Synopses & Reviews
Perhaps once in a generation it is possible for a historian to reinterpret the
long sweep of an area and a period in our history. K. Ross Toole has chosen
Montana for this purpose, and the brilliant success of his achievement must be apparent to all who read these pages.
He has consciously avoided a systematic presentation of the history of this "uncommon land." Instead, he has chosen to put the great and many of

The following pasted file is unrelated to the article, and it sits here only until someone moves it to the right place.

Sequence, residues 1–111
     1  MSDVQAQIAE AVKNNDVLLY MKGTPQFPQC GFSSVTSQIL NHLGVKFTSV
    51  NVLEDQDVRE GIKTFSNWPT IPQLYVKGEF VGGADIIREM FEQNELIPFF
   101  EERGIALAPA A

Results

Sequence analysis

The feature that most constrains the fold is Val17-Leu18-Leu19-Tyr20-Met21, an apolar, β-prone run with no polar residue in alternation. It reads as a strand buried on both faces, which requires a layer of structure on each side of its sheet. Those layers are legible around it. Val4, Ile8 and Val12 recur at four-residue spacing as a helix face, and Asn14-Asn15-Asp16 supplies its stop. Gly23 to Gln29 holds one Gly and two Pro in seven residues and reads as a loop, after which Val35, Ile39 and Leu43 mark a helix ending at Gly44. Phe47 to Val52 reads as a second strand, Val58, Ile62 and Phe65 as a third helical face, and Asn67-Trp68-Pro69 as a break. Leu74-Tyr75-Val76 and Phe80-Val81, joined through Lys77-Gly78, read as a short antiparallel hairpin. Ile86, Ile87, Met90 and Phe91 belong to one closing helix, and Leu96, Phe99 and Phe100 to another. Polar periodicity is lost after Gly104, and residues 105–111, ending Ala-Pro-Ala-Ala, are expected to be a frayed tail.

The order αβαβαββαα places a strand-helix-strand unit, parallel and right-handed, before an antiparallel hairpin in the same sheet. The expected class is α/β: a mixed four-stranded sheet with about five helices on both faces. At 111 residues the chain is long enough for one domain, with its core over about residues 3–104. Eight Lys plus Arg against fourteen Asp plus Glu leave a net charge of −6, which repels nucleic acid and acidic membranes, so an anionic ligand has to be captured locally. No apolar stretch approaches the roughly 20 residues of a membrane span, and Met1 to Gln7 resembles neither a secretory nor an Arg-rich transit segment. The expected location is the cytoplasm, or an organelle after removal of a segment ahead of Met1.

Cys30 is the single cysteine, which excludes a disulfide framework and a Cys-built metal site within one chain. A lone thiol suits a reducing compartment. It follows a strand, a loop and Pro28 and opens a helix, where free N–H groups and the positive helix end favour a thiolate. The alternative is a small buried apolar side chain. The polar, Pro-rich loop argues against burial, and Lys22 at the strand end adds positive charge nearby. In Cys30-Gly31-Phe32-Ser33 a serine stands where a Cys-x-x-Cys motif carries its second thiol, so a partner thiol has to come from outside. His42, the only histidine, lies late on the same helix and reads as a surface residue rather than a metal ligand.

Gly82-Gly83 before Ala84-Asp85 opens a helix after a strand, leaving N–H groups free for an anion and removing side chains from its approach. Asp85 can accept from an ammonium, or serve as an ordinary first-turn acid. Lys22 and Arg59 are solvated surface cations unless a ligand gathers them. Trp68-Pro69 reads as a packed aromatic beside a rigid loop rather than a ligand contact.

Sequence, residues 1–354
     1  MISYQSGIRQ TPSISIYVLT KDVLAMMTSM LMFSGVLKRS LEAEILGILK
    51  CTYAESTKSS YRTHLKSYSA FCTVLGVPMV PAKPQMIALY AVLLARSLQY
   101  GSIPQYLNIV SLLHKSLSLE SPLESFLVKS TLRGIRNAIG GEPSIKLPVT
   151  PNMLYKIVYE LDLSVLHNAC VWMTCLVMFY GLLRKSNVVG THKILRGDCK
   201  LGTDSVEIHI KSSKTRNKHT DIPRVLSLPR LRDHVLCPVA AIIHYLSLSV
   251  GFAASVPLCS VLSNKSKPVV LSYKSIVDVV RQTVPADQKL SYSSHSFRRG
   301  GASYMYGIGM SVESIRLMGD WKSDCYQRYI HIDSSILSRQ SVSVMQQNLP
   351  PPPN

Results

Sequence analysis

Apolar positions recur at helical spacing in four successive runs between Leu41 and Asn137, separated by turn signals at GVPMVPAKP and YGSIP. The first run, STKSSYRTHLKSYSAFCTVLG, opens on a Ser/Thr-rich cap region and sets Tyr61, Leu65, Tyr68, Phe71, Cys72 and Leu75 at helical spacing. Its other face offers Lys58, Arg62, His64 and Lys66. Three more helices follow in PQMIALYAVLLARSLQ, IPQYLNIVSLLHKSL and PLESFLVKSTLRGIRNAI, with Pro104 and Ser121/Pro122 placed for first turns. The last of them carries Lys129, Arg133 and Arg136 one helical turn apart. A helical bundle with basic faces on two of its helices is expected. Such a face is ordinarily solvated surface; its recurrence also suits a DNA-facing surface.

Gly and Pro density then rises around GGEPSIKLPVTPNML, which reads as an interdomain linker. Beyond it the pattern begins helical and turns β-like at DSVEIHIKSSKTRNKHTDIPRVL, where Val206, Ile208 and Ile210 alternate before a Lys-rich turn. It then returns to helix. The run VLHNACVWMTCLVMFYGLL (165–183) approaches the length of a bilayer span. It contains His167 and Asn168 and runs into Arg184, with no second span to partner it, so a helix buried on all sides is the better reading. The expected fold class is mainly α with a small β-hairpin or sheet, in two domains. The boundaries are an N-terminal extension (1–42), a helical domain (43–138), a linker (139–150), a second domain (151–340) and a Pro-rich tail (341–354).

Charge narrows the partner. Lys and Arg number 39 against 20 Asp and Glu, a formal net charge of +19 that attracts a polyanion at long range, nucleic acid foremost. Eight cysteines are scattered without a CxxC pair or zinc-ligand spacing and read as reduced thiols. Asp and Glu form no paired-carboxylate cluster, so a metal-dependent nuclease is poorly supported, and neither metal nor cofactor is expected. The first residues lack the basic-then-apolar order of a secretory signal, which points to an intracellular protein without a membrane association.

the smaller but significant episodes of a century and a half into new perspective. The record, in its colorful and romantic aspects, stretches from the days of Lewis and Clark; and in its more recent aspects, from the subjugation of the Indian to the predominance of big mining and timber enterprises. The resulting portrait is sharply drawn by a man who knows not only how to interpret the remote and recent past but how to write with great